Meth Caucus Succeeds In Restoring Some US Aid Cuts


The Bush administration’s plan to shift federal aid from traditional police programs and toward anti-terrorism measures is running into opposition from a growing “meth caucus” in Congress, the Los Angeles Times reports. The group, which has more than 100 House members, is waging an increasingly effective fight to funnel more money into domestic law enforcement. Last week, the meth caucus defied the White House and GOP congressional leadership by leading the effort to restore $10 million in antidrug funds for police on top of $350 million they won through negotiations. The Bush administration had sought to reduce or eliminate five antidrug programs, for a saving of $1.6 billion, in favor of more money for the FBI and the Drug Enforcement Administration.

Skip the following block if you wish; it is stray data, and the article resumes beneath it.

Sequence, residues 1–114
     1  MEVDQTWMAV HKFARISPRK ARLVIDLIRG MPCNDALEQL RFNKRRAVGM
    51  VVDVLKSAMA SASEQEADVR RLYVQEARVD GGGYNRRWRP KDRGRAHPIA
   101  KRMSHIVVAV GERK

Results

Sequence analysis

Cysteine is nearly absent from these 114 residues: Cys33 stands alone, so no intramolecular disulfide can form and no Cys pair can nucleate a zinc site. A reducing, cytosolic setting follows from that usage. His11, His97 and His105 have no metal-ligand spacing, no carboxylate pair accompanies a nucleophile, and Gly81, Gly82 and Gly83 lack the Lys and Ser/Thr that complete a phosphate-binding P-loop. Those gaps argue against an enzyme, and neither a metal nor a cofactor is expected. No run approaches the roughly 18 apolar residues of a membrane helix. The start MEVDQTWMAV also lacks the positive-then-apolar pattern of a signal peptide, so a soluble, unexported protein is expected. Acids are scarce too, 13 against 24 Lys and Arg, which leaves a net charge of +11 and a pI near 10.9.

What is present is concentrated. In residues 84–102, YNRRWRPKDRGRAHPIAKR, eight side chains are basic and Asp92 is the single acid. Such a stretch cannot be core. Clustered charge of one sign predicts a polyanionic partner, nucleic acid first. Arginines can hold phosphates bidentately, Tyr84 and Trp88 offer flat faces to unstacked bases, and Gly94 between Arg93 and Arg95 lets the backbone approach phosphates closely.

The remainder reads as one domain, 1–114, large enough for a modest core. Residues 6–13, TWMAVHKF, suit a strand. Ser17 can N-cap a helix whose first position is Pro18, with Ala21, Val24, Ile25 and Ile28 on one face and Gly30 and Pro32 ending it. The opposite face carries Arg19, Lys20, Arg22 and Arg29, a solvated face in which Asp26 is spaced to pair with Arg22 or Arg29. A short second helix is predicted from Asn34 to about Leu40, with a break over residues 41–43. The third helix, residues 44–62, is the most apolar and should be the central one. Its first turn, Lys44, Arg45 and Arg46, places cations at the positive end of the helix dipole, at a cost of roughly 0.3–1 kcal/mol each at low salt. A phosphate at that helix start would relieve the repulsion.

“People are more afraid of a meth lab blowing up than of a plane flying into the state Capitol,” said Iowa drug policy director Marvin Van Haaften. From 1997 to 2003, federal Byrne antidrug grants got $500 million a year. Another program, the Local Law Enforcement Block Grants, also got about $500 million a year until 2001, when the new administration started cutting local aid. Last year, the two programs were combined and cut by 12 percent. The administration’s budget request for 2006 would eliminate both programs. The plan passed by the House would instead cut their budgets 45 percent. The meth caucus warned that the cuts would end regional drug task forces, which helped coordinate communication among police, environmental agencies, and hazardous materials crews.


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